FBI Special Agents Tom and Jean O’Connor were among the first to arrive at the Pentagon on 9/11

FBI Special Agents Tom and Jean O’Connor were among the first to arrive at the Pentagon on 9/11


behind the fbi’s fight for justice as agents add to 9/11 death toll.

“The rain falls upon the just and the unjust.”

Those were the words of FBI Special Agent Bob Roth two weeks before he lost his 18-month battle with multiple myeloma in 2008. The 44-year-old would leave behind a wife, five children between the ages of 3-13, and a cause of death that would be debated for nearly a decade.

“There’s a balance of raising a family when you know that their dad probably died in the line of duty, even before it was declared,” said Bob’s wife, Tresa Roth. “Letting them grow up with a sense of pride in that, but not angry at the system.”

Roth was one of the first to respond to the attack on the Pentagon on September 11, assisting with evidence and human remains collection. He was also the first of 15 FBI agents who have since died from their exposure to toxins that day.

With only two percent of multiple myeloma cases found in people under the age of 40, doctors immediately connected the cluster of cancers to the exposure of pulverized concrete and burning jet fuel.

Despite the acknowledgment by medical experts, the Department of Labor failed to categorize the deaths as “in the line of duty” until 2016—leaving families like the Roth’s without any financial assistance.

“Being a single parent, homeschooling five kids, running a business from home and managing finances is all very taxing,” said Bob’s wife, Tresa Roth. “We make adjustments to live within our means and I can’t say we are hurting because I know there are a lot more people in a worse position.”

While Roth was the first FBI agent to pass away of such complications, Special Agent Wesley Yoo was the first to be diagnosed with multiple myeloma in 2005. At only 36-years-old at the time, his case was doubly alarming considering the extremely low rates of multiple myeloma among the Asian community.

Over the next 10 years, Woo would courageously fight his diagnosis while fulfilling his duties as an agent despite pushback from the bureau.

On September 11, 2013—12 years to the day of his heroic actions that led to such a diagnosis— Woo received a letter from the FBI informing him that he was no longer fit to serve as an agent since he could no longer perform the 256 required essential fitness tests. As a result, they warned he would be removed from the walls of the bureau and converted into a support employee.

“The only thing he wanted to do was die an FBI Agent,” said friend and fellow first responder Scott Stanley.

Woo and Stanley had worked the evidence nightshift at the Pentagon together, where 85 percent of the human remains were discovered along with airplane voice recorders and the airline hijackers ID’s. As a former paramedic and firefighter who understood hazmat protocol, the link to the toxins they were exposed to and his friend’s sickness was obvious to Stanley. It wasn’t to others.

Three years later, at the age of 46, special agent Wesley Yoo also lost his battle to multiple myeloma, and fellow Pentagon first responders began campaigning the bureau to assist them in applying pressure to the department.

That 2013 memo served as a tipping point for Stanley and many other first responders who understood the unfairness of Woo’s predicament. Shortly after, a task force was formed under the leadership of Stanley, FBI Agents Association President Tom O’Connor (whom Stanley rode with to the Pentagon on 9/11) and former FBI Director James B. Comey.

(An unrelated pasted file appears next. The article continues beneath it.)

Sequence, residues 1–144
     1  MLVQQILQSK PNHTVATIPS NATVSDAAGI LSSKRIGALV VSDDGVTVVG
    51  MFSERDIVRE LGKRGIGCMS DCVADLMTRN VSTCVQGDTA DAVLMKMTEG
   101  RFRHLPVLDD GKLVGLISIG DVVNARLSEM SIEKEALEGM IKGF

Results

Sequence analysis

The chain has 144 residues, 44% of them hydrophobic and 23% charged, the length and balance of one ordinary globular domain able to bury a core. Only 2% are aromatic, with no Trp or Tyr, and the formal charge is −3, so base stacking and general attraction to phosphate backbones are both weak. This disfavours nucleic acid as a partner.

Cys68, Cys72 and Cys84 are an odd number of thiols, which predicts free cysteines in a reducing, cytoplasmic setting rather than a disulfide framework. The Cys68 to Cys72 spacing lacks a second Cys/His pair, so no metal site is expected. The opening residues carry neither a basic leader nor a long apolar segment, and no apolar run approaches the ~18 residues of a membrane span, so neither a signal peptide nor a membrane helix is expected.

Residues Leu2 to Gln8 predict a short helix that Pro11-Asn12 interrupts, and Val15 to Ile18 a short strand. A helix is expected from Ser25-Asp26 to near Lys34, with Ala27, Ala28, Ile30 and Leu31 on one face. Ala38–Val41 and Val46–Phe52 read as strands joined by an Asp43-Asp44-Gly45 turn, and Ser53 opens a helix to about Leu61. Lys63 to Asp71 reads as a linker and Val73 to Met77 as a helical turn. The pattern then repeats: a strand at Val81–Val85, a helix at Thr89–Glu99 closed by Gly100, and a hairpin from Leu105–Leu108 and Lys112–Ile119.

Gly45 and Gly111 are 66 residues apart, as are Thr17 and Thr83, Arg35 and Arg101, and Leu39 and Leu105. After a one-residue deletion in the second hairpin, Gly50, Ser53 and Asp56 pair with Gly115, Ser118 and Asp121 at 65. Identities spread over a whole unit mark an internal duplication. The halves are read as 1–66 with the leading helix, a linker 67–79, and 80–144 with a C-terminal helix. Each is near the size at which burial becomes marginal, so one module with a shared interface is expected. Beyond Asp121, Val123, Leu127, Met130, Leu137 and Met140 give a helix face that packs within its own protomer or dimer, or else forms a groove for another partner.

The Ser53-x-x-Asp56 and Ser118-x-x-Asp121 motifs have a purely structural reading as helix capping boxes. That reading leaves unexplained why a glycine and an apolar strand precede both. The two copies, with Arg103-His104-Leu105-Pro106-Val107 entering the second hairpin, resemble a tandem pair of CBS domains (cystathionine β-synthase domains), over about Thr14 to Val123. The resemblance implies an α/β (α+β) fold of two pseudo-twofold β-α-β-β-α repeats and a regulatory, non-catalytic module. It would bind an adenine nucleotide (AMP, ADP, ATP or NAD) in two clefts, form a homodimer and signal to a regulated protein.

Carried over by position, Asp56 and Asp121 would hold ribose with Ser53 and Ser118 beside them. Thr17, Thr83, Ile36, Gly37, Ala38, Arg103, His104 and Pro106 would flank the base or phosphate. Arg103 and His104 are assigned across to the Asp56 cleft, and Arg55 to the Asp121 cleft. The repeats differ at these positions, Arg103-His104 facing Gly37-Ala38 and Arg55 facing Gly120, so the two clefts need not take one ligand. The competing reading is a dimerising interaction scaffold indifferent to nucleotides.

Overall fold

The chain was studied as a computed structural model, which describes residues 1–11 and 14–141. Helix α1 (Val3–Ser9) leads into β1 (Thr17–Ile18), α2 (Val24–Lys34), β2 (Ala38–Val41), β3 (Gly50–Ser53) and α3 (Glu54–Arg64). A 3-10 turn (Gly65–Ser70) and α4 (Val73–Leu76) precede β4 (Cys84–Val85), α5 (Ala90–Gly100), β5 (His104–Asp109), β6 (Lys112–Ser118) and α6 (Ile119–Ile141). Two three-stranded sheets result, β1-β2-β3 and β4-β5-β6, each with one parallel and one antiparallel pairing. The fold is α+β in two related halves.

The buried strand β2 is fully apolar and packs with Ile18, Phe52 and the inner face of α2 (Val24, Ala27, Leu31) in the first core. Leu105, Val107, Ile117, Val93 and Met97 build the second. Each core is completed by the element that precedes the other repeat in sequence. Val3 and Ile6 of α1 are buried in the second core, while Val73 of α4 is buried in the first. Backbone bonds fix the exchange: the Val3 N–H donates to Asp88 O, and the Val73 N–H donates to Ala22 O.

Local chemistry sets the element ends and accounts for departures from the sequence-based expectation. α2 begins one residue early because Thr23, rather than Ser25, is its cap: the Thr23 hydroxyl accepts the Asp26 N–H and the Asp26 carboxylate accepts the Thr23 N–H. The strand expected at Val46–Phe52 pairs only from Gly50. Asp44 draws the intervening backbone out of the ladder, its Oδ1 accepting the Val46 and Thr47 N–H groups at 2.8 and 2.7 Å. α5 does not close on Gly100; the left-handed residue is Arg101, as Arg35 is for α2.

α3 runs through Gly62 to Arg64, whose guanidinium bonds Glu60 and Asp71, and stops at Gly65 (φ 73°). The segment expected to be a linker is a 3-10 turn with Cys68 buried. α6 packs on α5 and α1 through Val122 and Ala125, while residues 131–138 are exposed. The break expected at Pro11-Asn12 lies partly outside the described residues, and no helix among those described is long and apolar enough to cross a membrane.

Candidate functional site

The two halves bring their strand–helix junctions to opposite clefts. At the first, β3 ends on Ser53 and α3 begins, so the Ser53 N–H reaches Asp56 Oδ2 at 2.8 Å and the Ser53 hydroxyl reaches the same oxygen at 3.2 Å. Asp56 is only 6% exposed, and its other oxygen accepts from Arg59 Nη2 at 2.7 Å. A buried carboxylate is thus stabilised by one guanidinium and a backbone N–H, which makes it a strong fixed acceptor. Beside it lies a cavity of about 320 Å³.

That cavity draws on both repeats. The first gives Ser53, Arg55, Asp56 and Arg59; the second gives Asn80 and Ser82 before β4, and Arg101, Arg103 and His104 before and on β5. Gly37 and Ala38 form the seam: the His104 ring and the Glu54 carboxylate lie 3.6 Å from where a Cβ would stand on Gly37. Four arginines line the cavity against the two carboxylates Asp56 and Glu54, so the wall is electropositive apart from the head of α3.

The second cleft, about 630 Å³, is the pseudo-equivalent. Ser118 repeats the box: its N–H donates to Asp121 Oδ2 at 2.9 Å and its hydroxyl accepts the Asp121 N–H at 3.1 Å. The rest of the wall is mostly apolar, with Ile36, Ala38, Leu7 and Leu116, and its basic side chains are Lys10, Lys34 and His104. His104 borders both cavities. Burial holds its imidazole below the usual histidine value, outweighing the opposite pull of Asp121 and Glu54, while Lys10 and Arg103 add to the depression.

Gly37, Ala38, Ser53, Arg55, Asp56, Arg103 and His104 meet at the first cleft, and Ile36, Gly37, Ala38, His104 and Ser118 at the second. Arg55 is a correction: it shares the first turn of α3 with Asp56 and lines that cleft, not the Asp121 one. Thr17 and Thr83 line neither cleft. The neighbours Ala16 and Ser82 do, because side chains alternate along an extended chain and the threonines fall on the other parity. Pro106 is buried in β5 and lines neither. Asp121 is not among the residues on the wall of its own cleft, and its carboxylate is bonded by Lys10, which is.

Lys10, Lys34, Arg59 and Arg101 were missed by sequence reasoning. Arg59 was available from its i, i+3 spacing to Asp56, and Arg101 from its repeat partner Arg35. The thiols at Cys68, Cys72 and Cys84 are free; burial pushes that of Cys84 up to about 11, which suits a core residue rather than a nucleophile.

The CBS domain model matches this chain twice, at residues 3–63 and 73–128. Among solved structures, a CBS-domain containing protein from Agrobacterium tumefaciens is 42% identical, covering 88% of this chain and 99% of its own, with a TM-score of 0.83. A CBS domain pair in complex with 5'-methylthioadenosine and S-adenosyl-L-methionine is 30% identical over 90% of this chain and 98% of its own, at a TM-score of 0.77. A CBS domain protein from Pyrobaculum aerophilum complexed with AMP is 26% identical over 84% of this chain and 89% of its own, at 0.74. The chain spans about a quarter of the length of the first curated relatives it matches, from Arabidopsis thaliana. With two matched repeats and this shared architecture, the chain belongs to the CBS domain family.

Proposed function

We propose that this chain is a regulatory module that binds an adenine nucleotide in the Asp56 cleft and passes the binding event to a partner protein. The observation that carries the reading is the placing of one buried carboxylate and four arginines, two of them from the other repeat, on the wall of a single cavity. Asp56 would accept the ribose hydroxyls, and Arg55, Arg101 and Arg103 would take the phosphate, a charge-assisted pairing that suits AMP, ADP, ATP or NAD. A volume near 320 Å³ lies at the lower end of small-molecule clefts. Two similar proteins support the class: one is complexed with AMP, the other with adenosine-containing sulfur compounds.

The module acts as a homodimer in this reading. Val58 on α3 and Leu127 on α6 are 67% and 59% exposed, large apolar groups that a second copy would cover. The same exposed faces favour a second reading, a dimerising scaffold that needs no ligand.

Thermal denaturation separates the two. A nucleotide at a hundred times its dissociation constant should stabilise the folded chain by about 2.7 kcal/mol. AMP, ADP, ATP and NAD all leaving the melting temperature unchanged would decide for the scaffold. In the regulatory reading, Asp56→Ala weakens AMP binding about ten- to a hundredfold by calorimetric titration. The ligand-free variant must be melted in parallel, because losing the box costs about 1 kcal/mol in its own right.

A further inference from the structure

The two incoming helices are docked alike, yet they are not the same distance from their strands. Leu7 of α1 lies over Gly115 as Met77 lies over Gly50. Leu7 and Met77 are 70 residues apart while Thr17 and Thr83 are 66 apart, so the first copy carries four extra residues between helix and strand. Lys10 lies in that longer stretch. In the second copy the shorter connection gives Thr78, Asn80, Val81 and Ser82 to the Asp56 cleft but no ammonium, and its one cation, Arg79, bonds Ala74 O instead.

Their mission: Force the Department of Labor to classify these deaths as a result of their job. The goal: Make sure families are fairly compensated for their loved one’s untimely deaths.

“Its hundreds of thousands of dollars, if not over a million, that’s on the table for these families that wouldn’t be if they weren’t recognized,” Stanley said.

Over the next year, equipped with research from the World Trade Center Health Program, the task force presented volumes of evidence that directly pointed to 9/11 as the cause for Roth and Yoo’s deaths.

With some of the sharpest minds in the scientific community— such as WTCHP Administrator Dr. John Howard— against them, the Department of Labor finally conceded in the fall of 2016 and began to provide financial compensation to families.

On May 14, 2017, nearly 15 years after flight 77 crashed into the Pentagon, Bob Roth was recognized as being killed in the line of duty and his name was added to the National Law Enforcement Officers Memorial wall.

Three more agents have died in the past year and were the first to be automatically recognized as dying in the line of duty under the new system. According to the FBI Agents Association, 15 more agents are currently battling various cancers.

“We do dangerous things and people are willing to give up their lives for the job,” Stanley said. “What you expect in return is that your family will be taken care and won’t get kicked in the teeth or ignored.”

“It’s sad that its taken this many years to get these people recognized,” said O’Connor. “But the government works very slowly.”

As of June 30, 2018, 1,744 members of World Trade Center Health Program have died of what they categorize as a 9/11 related illness.

As the effects of that day still linger emotionally and for some, physically, Tresa Roth said her husband wouldn’t have changed a thing that day.

“I don’t want my kids to grow up thinking they are some victim,” she said. “I want them to grow up and have the same personality as Bob, and be willing to provide service to their country.”